Abstract: Augmented tabletops can be used to create multi-modal and collaborative environments in which natural interactions with tangible objects that represent virtual (digital) information can be performed. Such environments are considered potentially interesting for many different applications. In this paper, we address the question of whether or not it makes sense to use such environments to design learning experiences for young children. More specifically, we present the "Read-It" application that we have created to illustrate how augmented tabletops can support the development of reading skills. Children of five-to-seven-years old were actively involved in designing and testing this application. A pilot experiment was conducted with a prototype of the Read-It application, in order to confirm that it does indeed meet the a priori expectations. We hope that the Read-It application will inspire the development of more tabletop applications that are targeted at specific user groups and activities.
01 Jan 2015
TL;DR: Martinez et al. as discussed by the authors investigated three types of youth makerspaces (museum, after-school, and mobile/library), highlighting design affordances and constraints of each, and developed an activity-identity-community framework, which they used as their analytic frame.
Abstract: The maker movement is fundamentally changing the way educators and educational researchers envision teaching and learning. This movement contends making — an active process of building, designing, and innovating with tools and materials to produce shareable artifacts — is a naturally rich and authentic learning trajectory (Martinez & Stager, 2013). Makerspaces are places where making happens in community. I craft my dissertation to explore these two defining characteristics of makerspaces through a comparative case study (Stake, 1995) and a design experiment (Brown, 1992). In the comparative case study, I investigate three youth makerspaces as learning environments and the communities within as learning communities. I employ the design experiment to examine making as an activity that demonstrates learning. With these two complementary studies, I seek to answer the question: how is learning demonstrated in makerspaces? I ground my study in the convergences of new literacies and constructionist learning theories. From the intersections of these two learning theories, I develop an activity-identity-community framework, which I use as my analytic frame. My goal is threefold: 1) to compare three types of youth makerspaces (museum, afterschool, and mobile/library), highlighting design affordances and constraints of each; 2) to build a comprehensive understanding of how experienced young makers approach and complete activities in makerspaces, and 3) to realize implications for design and assessment of makerspace-inspired learning environments (e.g., classroom making activities). Findings expand the limited empirical research connecting making and learning by directly informing our understanding of youth makerspaces as learning environments and assessment of making activities — two key gaps identified earlier this year at the National Research Meeting on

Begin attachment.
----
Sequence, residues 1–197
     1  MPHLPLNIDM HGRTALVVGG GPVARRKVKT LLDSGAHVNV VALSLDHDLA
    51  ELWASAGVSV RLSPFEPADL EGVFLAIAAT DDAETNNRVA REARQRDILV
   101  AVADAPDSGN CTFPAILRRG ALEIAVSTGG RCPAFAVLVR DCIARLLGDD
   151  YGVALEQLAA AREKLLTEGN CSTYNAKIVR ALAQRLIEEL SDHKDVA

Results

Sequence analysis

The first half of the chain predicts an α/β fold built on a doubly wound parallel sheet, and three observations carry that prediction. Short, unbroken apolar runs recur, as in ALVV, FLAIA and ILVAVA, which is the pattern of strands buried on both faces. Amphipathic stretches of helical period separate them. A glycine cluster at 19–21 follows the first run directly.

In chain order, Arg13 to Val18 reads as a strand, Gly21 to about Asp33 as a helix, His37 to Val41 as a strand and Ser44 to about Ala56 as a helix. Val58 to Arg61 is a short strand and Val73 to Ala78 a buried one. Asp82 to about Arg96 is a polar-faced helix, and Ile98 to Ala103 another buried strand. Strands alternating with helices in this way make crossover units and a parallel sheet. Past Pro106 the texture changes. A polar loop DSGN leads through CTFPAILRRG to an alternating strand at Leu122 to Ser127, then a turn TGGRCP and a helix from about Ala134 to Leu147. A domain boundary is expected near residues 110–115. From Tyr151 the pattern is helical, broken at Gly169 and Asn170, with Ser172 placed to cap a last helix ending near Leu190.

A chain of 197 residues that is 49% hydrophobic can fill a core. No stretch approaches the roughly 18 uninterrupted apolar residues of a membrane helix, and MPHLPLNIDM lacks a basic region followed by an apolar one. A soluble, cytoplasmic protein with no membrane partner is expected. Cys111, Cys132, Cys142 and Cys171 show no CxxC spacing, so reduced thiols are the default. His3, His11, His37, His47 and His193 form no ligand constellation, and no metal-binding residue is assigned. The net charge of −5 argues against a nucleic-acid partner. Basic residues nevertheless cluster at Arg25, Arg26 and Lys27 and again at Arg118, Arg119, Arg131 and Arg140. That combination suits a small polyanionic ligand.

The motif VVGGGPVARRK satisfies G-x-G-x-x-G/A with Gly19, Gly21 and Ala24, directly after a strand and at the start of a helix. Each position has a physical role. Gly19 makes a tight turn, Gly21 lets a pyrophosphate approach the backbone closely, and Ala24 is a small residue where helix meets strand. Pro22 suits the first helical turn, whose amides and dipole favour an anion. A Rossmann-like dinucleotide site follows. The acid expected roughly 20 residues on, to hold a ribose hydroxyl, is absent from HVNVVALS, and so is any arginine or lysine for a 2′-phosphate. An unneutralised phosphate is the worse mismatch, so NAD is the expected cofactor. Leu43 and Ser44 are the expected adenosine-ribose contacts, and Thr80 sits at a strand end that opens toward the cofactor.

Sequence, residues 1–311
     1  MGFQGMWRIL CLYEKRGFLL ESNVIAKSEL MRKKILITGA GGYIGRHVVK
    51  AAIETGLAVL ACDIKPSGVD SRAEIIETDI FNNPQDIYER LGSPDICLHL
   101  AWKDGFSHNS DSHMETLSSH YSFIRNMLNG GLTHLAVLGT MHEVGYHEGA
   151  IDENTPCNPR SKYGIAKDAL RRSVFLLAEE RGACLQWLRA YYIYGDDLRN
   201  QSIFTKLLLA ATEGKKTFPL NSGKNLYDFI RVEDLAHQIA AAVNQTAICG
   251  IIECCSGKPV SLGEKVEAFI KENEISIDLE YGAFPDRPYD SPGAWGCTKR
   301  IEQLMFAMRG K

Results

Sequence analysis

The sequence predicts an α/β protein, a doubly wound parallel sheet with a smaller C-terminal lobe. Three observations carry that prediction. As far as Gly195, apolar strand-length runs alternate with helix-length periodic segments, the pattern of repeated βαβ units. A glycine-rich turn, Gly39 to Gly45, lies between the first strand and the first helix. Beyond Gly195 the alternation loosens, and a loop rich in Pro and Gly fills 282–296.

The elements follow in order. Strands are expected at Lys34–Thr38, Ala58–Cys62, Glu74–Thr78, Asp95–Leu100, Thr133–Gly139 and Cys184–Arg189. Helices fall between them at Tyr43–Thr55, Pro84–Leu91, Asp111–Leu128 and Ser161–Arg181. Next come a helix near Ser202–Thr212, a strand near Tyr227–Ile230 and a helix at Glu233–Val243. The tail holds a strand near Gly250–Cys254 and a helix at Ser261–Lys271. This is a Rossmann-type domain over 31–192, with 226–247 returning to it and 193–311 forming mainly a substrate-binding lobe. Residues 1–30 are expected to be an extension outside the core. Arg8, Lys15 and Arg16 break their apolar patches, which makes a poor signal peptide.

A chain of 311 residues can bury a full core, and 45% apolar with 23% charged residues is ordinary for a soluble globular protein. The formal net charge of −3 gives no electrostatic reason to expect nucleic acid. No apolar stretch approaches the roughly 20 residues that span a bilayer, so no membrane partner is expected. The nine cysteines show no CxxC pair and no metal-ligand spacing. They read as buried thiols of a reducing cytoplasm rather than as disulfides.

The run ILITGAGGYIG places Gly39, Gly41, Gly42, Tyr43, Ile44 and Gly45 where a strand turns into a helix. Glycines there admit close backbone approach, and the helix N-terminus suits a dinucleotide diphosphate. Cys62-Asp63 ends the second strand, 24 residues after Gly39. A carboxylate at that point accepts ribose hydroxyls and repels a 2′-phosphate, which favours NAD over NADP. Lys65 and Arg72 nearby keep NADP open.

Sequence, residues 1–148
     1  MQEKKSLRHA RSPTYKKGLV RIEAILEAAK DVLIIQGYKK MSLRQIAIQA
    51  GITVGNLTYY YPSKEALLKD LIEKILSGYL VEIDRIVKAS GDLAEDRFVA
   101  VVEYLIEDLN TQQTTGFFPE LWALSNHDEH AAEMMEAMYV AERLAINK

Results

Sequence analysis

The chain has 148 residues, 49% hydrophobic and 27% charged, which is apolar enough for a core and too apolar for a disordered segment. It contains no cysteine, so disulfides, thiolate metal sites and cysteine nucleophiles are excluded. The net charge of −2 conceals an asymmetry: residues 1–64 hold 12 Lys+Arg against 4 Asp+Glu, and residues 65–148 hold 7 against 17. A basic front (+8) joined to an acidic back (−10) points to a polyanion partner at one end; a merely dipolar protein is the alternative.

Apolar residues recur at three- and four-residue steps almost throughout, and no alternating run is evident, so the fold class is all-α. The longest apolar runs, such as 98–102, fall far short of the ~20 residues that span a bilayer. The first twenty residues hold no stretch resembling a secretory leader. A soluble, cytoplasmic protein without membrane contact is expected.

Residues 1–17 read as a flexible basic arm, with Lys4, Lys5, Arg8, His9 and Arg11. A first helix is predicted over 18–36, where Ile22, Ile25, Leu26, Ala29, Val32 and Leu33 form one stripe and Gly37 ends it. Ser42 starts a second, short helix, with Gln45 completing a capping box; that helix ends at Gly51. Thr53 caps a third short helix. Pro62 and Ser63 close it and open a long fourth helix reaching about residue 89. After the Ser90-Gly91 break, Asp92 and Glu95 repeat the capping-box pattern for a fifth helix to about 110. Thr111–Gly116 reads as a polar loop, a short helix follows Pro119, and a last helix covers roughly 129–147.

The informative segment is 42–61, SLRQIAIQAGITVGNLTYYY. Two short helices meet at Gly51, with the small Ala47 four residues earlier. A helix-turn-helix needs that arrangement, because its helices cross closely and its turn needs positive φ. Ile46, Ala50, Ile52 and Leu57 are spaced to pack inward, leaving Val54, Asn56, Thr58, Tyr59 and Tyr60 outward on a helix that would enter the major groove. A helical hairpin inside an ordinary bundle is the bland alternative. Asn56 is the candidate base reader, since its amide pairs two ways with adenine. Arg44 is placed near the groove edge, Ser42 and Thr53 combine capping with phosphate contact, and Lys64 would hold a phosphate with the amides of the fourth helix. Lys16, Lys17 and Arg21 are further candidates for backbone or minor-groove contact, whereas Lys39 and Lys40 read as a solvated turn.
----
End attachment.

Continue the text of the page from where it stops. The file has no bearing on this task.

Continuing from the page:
TL;DR: The authors investigated the complexity of the everyday communicative practices utilized by young Canadian children in and out-of-school, in an attempt to inform the future direction of literacy curricula for children.
Abstract: Recently, researchers have begun to investigate the ways contemporary childhoods are being shaped by a range of multimodal communicative practices (Kress, Literacy in the new media age, Routledge, New York, 2003; Lankshear and Knobel, New literacies: Changing knowledge and classroom learning, Open University Press, Milton Keynes, 2003). This is particularly relevant as the changing communication systems of the 21st century are influencing the ways children make meaning in their worlds. In this article, we discuss two case studies that occurred in two different urban Canadian contexts where we sought to privilege the voices, lives, and meaning making experiences of two young boys by involving them as active participants in research. Drawing on sociocultural and multimodal theories of learning, the purpose of this research was to investigate the complexity of the everyday communicative practices utilized by young Canadian children in and out-of-school, in an attempt to inform the future direction of literacy curricula for children. Although many researchers advocate for children’s “voices” to be taken into account in educational research, few report the evidence of engaging children in the research process. In the two cases, the data collection methods provided opportunities for children to express themselves, and revealed the meaning making practices that they valued. The findings also showed how the practices valued and promoted in the focal children’s classrooms generally reflected traditional and narrow modes of communication, specifically, printbased and teacher-directed practices.